News Release

Attacking cancer cells with photoactivatable proteinic nanobombs

Peer-Reviewed Publication

Pohang University of Science & Technology (POSTECH)

Figure 1

image: Schematic diagram of the mechanism of action of photoactivatable adhesive nanobombs made with bioinspired strategies from marine tunicates and mussels. view more 


A Korean research team has developed a “bomb-like” anticancer therapeutic agent that only attacks cancer cells, bioinspired by mussels and tunicates. This nanobomb generates heat only in specific sites where near-IR (NIR) laser is irradiated to generate nitric oxide gas, which has an anticancer effect, and simultaneously releases anticancer drugs to achieve the trimodal treatment of photothermal-gas-chemo-therapy.


A POSTECH research team led by Professor Hyung Joon Cha and Dr. Yeonsu Jeong (Department of Chemical Engineering) in collaboration with Professor Yun Kee Jo’s team at Kyungpook National University (Department of Biomedical Convergence Science and Technology, School of Convergence) have together developed a photoactivatable adhesive nanobomb with mussel adhesive proteins (MAPs) and the catechol-vanadium complex of tunicates that involves in light-related energy conversion through electron transfer. Photoactivatable refers to the characteristic where properties change depending on the external light.


Since cancer occurs through multiple biological pathways, a method that combines various treatments rather than one single treatment is usually employed. But it is difficult to deliver multiple therapeutic agents simultaneously to a specific cancer site due to the large amount of fluid present in the body.


Among such methods, the light-triggered photothermal therapy (PTT) utilizes nanoparticles of metals, carbon, or synthetic polymers. However, their poor biodegradability, which can cause a risk of systemic toxicity, and low photothermal conversion efficiency – the efficiency at which the absorbed light is converted to heat – make effective cancer treatment difficult.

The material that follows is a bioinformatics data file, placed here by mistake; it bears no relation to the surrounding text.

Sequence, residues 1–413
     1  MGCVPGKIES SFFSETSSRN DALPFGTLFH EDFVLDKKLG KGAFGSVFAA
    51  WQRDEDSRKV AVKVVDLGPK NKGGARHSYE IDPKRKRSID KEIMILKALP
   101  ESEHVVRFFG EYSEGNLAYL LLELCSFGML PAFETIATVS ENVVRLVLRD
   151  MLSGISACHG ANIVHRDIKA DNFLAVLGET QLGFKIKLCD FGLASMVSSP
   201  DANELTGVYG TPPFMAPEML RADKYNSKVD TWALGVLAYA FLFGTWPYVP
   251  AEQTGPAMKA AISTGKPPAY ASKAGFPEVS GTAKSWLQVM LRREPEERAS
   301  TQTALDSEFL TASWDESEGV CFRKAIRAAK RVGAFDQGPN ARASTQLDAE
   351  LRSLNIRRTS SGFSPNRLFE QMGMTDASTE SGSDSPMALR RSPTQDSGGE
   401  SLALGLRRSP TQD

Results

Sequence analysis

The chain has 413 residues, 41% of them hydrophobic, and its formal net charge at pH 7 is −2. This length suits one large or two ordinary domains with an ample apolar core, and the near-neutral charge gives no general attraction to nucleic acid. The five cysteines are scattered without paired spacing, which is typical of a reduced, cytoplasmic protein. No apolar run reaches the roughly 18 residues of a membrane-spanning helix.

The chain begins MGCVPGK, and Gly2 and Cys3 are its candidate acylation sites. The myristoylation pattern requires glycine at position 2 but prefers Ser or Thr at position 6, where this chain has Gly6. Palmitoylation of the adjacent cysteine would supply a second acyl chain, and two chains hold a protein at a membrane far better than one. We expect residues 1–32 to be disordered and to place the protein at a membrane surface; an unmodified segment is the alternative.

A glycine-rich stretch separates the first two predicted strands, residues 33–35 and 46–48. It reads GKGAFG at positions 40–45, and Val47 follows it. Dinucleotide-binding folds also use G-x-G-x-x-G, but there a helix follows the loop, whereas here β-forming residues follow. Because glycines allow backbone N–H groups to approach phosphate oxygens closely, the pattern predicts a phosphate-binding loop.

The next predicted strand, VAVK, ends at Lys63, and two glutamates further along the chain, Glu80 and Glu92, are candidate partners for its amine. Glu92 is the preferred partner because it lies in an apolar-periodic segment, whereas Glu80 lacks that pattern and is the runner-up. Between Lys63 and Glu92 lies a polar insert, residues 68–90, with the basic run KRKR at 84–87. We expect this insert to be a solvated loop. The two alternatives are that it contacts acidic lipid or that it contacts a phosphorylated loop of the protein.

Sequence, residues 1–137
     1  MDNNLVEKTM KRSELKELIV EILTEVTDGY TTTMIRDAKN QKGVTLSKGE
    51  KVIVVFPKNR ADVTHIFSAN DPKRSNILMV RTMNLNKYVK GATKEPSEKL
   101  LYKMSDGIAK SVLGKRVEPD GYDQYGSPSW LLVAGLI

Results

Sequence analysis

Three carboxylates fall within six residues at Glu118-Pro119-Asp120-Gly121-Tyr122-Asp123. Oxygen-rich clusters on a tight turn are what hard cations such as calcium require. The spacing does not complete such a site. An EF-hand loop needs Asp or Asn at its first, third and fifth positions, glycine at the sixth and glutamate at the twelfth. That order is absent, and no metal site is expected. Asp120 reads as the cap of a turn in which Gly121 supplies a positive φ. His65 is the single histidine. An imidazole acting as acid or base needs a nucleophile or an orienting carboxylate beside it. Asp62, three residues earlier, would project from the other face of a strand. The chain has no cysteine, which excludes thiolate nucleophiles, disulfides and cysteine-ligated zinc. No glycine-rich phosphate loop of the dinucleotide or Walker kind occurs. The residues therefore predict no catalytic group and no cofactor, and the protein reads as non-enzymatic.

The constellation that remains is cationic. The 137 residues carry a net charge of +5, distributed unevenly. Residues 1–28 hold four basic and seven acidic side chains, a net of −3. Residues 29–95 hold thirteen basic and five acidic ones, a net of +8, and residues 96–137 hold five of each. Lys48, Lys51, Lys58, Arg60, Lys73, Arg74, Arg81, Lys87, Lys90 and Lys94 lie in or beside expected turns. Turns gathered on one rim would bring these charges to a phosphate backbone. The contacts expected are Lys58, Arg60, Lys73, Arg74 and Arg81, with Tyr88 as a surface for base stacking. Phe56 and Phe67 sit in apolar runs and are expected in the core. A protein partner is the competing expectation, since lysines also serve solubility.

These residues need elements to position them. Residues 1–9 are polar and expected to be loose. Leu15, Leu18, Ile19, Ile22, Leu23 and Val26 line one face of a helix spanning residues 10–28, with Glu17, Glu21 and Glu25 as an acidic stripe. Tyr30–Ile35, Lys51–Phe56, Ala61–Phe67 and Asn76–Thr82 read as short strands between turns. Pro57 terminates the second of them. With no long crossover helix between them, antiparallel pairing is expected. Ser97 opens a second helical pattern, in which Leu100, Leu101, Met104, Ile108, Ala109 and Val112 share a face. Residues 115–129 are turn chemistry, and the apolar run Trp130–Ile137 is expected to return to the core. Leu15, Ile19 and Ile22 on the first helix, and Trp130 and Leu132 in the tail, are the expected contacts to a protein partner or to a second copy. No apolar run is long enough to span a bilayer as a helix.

To this, the research team created nanoparticles by adding the catechol-vanadium complexes – which help light and electrons move in tunicates – to the MAP. When these nanoparticles are irradiated with NIR lasers, the temperature can be raised to 50 degrees within five minutes, exhibiting excellent photothermal conversion efficiency about 50%. These nanoparticles retained on cancer cell for a prolonged period contributed by the strong adhesiveness of MAP. In addition, great biocompatibility and biodegradability of proteinic nanoparticles resolve the safety issue of conventional light-responsive nanotherapeutics.


When the nanoparticles containing a thermo-sensitive nitric oxide (NO) donor and an anticancer drug were irradiated with near-IR (NIR) laser, NO gas and drugs were effectively released due to the photothermal effect, confirming their potential to be used in a nanobomb. It is usually difficult to retain the anticancer effects of NO gas because it quickly biometabolizes. However, the nanobomb can control the gas release with light, which greatly increases the delivery efficiency of NO.


In preclinical trials in animal models, the tumor grew back 15 days after being treated with just a single photothemal treatment, whereas the therapeutic efficacy was prolonged with trimodal treatments using nanobombs as no tumors were observed for about one month.


“With a single nanoparticle, various site-specific therapeutic agents can be locally administered and multimodal treatments can be easily controlled with a single stimulus, which will be effective in treating cancer patients in the future,” explained Professor Hyung Joon Cha. “This nanobomb can be applied not only to photothermal-gas-chemo-therapy, but also to the delivery of therapeutics including genes and antibodies or contrast agents, and therefore can be widely used according to the specific needs of the patient or the condition.”


This study was selected as the front cover paper of the December issue of Advanced Healthcare Materials, a renowned journal in the field of materials science. The study was conducted with the support from the National Research Foundation grant funded by the Ministry of Science and ICT of Korea, the Marine BioMaterials Research Center grant funded by the Ministry of Oceans and Fisheries of Korea, and the National Research Foundation grant funded by the Ministry of Education of Korea.


The mussel adhesive protein technology has undergone a technology transfer to Nature Glutech Co., Ltd. and clinical trials are in the works after obtaining investigational new drug (IND) approvals.

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